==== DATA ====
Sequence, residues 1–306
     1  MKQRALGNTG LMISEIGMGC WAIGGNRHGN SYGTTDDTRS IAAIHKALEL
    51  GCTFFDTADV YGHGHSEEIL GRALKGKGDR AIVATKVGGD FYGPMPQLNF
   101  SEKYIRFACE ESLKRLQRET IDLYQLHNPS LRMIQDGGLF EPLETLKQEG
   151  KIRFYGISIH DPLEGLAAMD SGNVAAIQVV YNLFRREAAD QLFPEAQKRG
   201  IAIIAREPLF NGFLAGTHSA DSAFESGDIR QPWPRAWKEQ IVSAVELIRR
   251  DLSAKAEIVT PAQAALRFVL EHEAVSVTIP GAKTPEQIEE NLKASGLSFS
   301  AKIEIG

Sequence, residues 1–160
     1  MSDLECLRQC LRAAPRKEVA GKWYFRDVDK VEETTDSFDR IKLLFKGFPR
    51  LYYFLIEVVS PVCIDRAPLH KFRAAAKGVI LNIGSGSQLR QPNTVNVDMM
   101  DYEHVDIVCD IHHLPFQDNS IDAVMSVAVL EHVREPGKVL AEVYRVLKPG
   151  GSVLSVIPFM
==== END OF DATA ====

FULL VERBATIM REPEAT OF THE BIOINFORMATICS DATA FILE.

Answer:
Sequence, residues 1–306
     1  MKQRALGNTG LMISEIGMGC WAIGGNRHGN SYGTTDDTRS IAAIHKALEL
    51  GCTFFDTADV YGHGHSEEIL GRALKGKGDR AIVATKVGGD FYGPMPQLNF
   101  SEKYIRFACE ESLKRLQRET IDLYQLHNPS LRMIQDGGLF EPLETLKQEG
   151  KIRFYGISIH DPLEGLAAMD SGNVAAIQVV YNLFRREAAD QLFPEAQKRG
   201  IAIIAREPLF NGFLAGTHSA DSAFESGDIR QPWPRAWKEQ IVSAVELIRR
   251  DLSAKAEIVT PAQAALRFVL EHEAVSVTIP GAKTPEQIEE NLKASGLSFS
   301  AKIEIG

Sequence, residues 1–160
     1  MSDLECLRQC LRAAPRKEVA GKWYFRDVDK VEETTDSFDR IKLLFKGFPR
    51  LYYFLIEVVS PVCIDRAPLH KFRAAAKGVI LNIGSGSQLR QPNTVNVDMM
   101  DYEHVDIVCD IHHLPFQDNS IDAVMSVAVL EHVREPGKVL AEVYRVLKPG
   151  GSVLSVIPFM